As a strong supporter of cannabis and a hemp entrepreneur myself, I’ve always been devoted to creating hemp products which can be widely used across our community, without any regulatory issues. We are creating a sustainable eco-friendly product line, taking all this material from mother nature, with no harm to the environment and no harm to human beings.
CW: How are the products made?
JT: We use 100 per cent natural hemp and other plant fibres. To bind these fibres and starches together without using any chemicals or plastic glue requires a very very high pressure, which is why our product density is so high. You can’t even cut through it with a saw, which shows how durable and tough our product is. But at the same time it is 100 per cent biodegradable. We had a test done that showed within 65 days it can degrade by up to 92 per cent.
CW: Why is hemp a good material for a product range like this?
JT: People say there are over 50,000 different uses of hemp, because hemp is one of the strongest and the most durable fibres available today. It needs less land to grow than other crops and is actually capable of flourishing in many different climates and soil types, which means we can cultivate in most regions of the world. It grows fast and can be harvested up to three times per year. This makes it cheap and fast to cultivate and easy to care for. Hemp also possesses a natural resistance to many insects and requires very little water and it also takes 60 to 70 per cent of the nutrients it needs from the soil.
CW: What are its benefits compared to other commonly used manufactured materials?
JT: Thousands of products that are made from petroleum-based plastic could be replaced by hemp-based composites. People in the hemp industry know that hemp is a super plant from its practical uses to the environmental sustainability aspect, the hemp plant always comes out on top, outperforming all the other competitors, such as cotton.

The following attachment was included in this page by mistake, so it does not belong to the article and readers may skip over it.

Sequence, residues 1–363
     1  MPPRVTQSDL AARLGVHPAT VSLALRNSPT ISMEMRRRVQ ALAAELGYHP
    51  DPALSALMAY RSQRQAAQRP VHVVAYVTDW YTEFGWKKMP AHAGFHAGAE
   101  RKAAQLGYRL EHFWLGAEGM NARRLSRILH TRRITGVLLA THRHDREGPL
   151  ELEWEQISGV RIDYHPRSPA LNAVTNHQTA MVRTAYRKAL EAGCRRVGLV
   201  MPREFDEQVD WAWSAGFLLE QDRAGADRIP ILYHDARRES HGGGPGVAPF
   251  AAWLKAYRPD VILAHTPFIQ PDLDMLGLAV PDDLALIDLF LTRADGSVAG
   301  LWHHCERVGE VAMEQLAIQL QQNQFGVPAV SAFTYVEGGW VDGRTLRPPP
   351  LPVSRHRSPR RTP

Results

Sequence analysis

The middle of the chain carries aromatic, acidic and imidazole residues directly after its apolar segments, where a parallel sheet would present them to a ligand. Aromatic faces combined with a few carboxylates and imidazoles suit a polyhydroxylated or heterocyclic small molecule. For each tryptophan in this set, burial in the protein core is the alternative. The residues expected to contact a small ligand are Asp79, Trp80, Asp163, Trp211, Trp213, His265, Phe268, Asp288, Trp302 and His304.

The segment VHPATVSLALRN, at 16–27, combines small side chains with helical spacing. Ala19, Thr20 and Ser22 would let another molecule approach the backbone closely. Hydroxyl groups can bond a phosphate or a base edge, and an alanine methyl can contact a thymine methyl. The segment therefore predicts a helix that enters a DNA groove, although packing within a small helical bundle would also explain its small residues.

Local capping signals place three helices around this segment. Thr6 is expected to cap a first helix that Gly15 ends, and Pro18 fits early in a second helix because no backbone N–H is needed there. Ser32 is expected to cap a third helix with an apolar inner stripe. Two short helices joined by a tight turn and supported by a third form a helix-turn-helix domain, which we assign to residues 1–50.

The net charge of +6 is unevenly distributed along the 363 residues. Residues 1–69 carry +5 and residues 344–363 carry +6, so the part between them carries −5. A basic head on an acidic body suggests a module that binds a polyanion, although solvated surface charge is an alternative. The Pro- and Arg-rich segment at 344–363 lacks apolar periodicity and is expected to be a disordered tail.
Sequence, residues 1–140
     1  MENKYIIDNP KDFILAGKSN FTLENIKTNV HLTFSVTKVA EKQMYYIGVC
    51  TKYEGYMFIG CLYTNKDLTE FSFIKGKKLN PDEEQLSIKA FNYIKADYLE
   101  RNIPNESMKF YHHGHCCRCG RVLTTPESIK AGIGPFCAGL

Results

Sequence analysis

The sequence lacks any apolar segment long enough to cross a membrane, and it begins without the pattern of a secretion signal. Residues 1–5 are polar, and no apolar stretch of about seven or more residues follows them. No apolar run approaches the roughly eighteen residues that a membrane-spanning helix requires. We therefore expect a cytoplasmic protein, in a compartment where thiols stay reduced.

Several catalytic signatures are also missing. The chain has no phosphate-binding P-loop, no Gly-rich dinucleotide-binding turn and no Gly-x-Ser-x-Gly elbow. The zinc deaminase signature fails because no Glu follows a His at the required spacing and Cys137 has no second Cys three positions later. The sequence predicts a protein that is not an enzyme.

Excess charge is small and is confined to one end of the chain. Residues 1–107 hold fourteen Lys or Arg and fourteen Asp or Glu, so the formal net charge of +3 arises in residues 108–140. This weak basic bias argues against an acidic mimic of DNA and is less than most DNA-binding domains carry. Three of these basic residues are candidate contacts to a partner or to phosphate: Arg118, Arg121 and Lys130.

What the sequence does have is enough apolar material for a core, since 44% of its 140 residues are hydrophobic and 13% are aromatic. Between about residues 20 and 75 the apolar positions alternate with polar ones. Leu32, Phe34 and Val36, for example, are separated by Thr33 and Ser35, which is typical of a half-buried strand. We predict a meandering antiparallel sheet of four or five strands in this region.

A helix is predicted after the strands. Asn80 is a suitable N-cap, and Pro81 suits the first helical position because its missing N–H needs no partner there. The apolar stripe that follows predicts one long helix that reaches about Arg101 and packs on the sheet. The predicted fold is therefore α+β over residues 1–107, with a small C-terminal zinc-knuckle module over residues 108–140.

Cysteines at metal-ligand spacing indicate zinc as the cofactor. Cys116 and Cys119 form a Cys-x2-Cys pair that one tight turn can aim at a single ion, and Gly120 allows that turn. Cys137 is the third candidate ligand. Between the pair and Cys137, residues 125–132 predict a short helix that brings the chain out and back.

Many countries are now starting to ban plastic. Hemp bioplastic material offers a significant advantage for the environment because it’s not made from fossil fuels and doesn’t produce carbon dioxide when it composts. You can actually bury it in the backyard and know you’re giving back to mother nature.
CW: What about the price point? Will it be more expensive?
JT: Every new industrial product line, when it’s first released to the market, is actually more expensive than the traditional product. That’s why it is harder to compete. As hemp cultivation becomes more popular, the supply will become cheaper and the average cost will be lower. If communities and governments will have some incentive to push this, it’s going to reduce the price sensitivity and eventually, we can make it much more affordable.
We’re not competing with plastic, yes we can replace plastic, but at the same time, our product is reusable. I’ve been using my own product, the chopsticks, for three years. There is wear and tear but it’s still in good condition.
CW: Why is now the right time to launch a product range like this?
JT: We’re launching three sets initially, the family set, the kids set and the portable set, which is very handy for travelling and camping. It’s lightweight but not fragile, and if it got left somewhere is not going to pollute the environment. I think post-pandemic everyone is outside more and is also much more aware about hygiene. When you travel or go to a restaurant or take an aeroplane, many people would probably prefer to use their own dinnerware. And it’s not made from stainless steel so it’s safe for use on airplanes.
CW: How do you hope it will create a wider conversation about cannabis?
JT: I hope Cannalise can set a good example of how cannabis or hemp products can get into people’s homes without stigma. This is a household product, there’s no such regulation or restriction to limit it being sold directly to the consumer.
This is where education starts from. It’s something I think would be beneficial to all hemp industrial companies and individuals who want to actually start education – with a visualised everyday-use product. I think we are creating a bridge, a connection between cannabis and everyday life, and other industries.
CW: What about the future? What’s your vision for Cannalise?
JT: Initially it will be available in Australia, New Zealand and the UK before we expand into other European countries, America, South America and South Africa. We don’t want to position ourselves as a replacement for plastic. It is better than plastic. Moving forward we want to work with local designers to create a range which is more artistic and visually appealing, as well as eventually white-labelling. I think the travel industry is going to love it, as well as the healthcare and education sectors which could all benefit from this product. We have unlimited imagination of the market size.
Find more information at https://www.cannalise.com.au/
UK CBD company Kaya raises £1.7m for European expansion
Kaya co-founder Ludovic Rachou discusses the company’s journey and plans for European expansion.
UK-based CBD brand Kaya has successfully raised £1.7m of funding which will help fuel its expansion into European markets.